The central feature that makes imaging or spectroscopy using hyperpolarized 13C labeled compounds so appealing is the incredible gains in signal to noise that can be achieved, allowing observation of biochemical reactions in vivo and in vitro that previously could not be monitored with any technique (Figure 3). The most common example, hyperpolarized [1–13C]pyruvate illustrates the high information content of MR combined with hyperpolarization in powerful fashion. Figure 4 shows the information available by three different methods for assessing metabolism. Assume that three different samples have been prepared, a 11C labeled pyruvate, [3-13C]pyruvate, and hyperpolarized [1-13C]pyruvate, for injection into a commonly used model of metabolism, the perfused rat heart. Observation of the 11C compound by positron emission tomography (PET) will reveal only the uptake of the pyruvate, producing the familiar dose-response curve (Figure 4, A). Observation of the delivery of the [3-13C]pyruvate by NMR would allow not only the uptake of the pyruvate to be monitored, but also its subsequent metabolism to lactate and alanine. It has been shown that detection of the label using indirect methods such as heteronuclear multiple quantum coherence (HMQC) can allow time points to be taken approximately every 10–20 seconds (Figure 4, B).18 The bottom panel shows the data that would be obtained following injection of the hyperpolarized substrate (Figure 4, C). Due to the increase in signal to noise, time points can be taken every second, or even faster. Also, since direct detection of the 13C label is possible, flux into CO2 and bicarbonate is detectable as well. In this lab, the signal to noise gain for the hyperpolarization experiment versus the HMQC method is approximately 50 times, with the bonus of much higher resolution as a function of time following the injection. The power of this technique has already been taken advantage of to study a variety of questions with physiological and pathological signifi cance. Hyperpolarized H13CO3 – has been used as a means of assessing pH by monitoring the equilibrium between CO2 and bicarbonate.19 This method of pH measurement has the unique advantage of injecting a completely benign compound as the sensor. Hyperpolarized [1-13C]pyruvate has been used to measure substrate preference in a perfused heart model, demonstrating the ability to assess fl ux through a single enzyme catalyzed reaction.20 Workers at Cambridge University and UCSF have already shown that the kinetics of dispersal of hyperpolarized pyruvate is sensitive to cancer in vivo.21–23 Cardiac dysfunction following myocardial infarction could also potentially be detected with this method.24,25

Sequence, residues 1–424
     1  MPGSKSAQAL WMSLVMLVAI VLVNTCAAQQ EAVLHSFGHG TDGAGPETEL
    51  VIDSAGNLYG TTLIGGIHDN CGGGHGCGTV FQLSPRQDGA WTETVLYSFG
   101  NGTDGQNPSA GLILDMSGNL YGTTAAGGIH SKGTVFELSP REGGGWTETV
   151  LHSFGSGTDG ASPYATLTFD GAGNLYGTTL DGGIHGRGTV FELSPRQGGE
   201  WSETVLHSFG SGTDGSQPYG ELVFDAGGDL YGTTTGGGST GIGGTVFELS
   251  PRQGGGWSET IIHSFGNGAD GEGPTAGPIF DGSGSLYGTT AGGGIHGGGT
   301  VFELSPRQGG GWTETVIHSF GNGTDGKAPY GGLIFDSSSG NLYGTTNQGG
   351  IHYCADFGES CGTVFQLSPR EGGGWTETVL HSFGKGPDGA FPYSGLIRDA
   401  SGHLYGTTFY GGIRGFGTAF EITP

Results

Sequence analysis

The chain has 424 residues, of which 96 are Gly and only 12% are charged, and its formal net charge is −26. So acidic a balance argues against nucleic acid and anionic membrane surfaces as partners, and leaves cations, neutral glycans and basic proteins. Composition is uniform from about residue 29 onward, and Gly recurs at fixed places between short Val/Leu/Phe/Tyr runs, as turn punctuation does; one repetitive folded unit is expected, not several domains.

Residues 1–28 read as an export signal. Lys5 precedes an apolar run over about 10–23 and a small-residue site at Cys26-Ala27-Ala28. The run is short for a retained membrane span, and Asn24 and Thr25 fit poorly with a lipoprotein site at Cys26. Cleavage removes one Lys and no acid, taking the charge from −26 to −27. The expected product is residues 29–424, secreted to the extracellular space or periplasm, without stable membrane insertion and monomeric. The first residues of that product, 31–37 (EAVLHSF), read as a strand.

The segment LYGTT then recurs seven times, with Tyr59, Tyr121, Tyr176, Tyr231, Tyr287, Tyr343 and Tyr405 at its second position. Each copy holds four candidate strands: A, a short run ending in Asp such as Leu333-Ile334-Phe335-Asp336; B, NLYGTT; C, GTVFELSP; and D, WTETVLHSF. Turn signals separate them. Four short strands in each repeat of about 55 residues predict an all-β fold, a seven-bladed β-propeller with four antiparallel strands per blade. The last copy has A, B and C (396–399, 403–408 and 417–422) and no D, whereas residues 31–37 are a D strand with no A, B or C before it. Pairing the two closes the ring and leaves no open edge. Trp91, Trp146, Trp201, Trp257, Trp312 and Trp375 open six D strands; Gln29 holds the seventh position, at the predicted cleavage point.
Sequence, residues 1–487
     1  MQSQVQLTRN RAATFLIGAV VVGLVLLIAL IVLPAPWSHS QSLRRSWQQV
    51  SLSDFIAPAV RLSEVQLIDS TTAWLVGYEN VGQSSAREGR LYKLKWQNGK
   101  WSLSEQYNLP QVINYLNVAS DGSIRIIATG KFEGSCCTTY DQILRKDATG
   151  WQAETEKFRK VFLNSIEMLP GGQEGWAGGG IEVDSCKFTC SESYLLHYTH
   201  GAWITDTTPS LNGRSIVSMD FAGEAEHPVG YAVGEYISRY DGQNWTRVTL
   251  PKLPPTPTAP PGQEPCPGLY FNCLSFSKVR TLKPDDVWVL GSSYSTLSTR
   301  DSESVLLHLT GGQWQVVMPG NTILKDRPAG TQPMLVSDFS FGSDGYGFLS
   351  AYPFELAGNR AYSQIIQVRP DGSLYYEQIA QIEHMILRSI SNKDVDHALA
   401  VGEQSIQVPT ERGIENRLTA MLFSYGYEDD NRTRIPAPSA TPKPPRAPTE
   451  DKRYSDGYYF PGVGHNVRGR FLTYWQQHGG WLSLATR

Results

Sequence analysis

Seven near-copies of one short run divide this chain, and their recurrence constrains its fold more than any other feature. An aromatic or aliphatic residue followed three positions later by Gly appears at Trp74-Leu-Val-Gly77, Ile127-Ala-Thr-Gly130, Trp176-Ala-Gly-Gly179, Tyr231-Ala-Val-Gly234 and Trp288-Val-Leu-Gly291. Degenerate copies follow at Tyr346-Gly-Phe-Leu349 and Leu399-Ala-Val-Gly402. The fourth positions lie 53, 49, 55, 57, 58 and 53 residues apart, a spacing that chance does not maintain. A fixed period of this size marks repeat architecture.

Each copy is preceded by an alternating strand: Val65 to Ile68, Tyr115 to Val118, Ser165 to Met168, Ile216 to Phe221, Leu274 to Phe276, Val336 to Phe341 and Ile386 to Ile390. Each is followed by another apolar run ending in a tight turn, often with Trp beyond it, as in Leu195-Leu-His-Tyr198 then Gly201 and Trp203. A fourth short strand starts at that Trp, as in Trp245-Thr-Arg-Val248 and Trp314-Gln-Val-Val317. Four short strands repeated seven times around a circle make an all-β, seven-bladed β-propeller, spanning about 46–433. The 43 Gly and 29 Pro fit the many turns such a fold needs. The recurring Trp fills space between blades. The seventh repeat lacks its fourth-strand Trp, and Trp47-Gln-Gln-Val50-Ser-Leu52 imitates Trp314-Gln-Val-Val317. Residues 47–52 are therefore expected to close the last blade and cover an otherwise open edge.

Observed pyruvate signal of various labeled compounds